FCF Funded Projects

Characterizing enzyme inhibition of the DnaJPKAc chimeric protein derived from fibrolamellar hepatocellular carcinomas

Status: Completed

Timeframe: 2017 – 2018

Goal: Characterize inhibition of the DnaJ-PKAc chimeric protein in fibrolamellar carcinoma

Principal Investigator: Hibba tul Rehman, MD

Study overview: The DNAJB1-PRKACA fusion gene produces the DNAJ-PKAc fusion kinase protein, which is present in nearly all FLC tumors and promotes liver tumor formation in mice. Kinases, including fusion kinases, have been successful drug targets in numerous cancer types. Inhibition of DnaJ-PKAc may provide a targeted therapy for FLC. This study proposed a two pronged approach towards identifying therapeutic inhibitors of the fusion:

  1. Screening a previously developed peptide library to identify peptides that preferentially bind chimeric DnaJ-PKAc over normal, wide-type protein in vitro.
  2. Developing a library of inhibitory peptides that would preferentially inhibit DnaJ-PKAc.

The aim of these efforts was to develop an understanding that will support the development of inhibitors that regulate the function of the chimeric kinase without affecting the wild-type kinase, thus selectively targeting cancer cells without affecting healthy tissue.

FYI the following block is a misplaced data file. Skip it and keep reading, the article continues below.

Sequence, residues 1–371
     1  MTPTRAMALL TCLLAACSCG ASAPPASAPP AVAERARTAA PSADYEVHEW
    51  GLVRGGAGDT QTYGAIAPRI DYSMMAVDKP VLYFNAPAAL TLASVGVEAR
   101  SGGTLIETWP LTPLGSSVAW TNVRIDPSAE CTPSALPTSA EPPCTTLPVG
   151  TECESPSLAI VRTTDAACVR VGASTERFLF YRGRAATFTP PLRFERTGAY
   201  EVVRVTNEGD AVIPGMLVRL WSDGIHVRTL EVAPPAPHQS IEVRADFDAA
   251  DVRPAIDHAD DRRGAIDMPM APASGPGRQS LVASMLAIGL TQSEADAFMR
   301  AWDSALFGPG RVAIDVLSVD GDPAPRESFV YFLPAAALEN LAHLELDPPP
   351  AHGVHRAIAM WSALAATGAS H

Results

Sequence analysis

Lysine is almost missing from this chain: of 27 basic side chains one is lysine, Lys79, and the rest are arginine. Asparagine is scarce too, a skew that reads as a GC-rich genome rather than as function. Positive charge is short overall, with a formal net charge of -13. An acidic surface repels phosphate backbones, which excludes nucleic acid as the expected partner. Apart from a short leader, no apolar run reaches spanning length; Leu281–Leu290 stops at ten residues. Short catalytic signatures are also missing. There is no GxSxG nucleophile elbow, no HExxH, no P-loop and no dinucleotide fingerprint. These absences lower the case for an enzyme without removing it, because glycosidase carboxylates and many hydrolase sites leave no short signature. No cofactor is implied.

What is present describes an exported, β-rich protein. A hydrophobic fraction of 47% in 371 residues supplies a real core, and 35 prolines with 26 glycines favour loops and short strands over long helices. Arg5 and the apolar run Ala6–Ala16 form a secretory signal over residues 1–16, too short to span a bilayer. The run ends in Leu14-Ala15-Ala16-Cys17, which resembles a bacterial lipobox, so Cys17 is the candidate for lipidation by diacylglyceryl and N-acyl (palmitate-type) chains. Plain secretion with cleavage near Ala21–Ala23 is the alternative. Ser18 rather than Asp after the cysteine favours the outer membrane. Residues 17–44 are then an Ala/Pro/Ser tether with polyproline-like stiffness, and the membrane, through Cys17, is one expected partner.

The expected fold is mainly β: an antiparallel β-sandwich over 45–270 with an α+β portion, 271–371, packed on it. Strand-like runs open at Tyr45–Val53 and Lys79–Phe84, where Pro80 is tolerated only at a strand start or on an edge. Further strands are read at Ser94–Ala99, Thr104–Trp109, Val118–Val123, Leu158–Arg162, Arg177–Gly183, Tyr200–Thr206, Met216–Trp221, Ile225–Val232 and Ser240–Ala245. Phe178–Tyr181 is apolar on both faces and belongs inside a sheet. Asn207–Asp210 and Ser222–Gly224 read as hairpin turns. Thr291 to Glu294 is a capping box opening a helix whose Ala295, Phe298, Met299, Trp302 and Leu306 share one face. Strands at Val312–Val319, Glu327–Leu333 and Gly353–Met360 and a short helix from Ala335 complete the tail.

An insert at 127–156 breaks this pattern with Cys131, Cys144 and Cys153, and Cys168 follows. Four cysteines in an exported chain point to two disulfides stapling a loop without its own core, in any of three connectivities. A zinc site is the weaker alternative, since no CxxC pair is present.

Key Findings: The study analyzed a library of small inhibitor peptides derived from endogenous PKI (which inhibit wild-type PKA in the body), which showed no preferential competitive inhibition of wild-type PKA versus DnaJ-PKAc.  This result was due to the overwhelming structural similarities observed at the active sites of wtPKA and DnaJ-PKAc.  A survey of publicly-available data sets to determine the predominant isoform(s) of PKI expressed in normal liver and FLC tumors showed that PKIβ was likely to be the predominant isoform expressed in human liver.  Upon testing of the inhibitory properties of full-length PKIβ, identical inhibition of both wtPKAc and DnaJ-PKAc was observed.

Details of the analysis was published in April 2019 in The Journal of Cellular Biochemistry. The full article can be read or downloaded here.

Implications: This study showed the importance of adopting a targeted approach to inhibiting DNAJ-PKAc in FLC.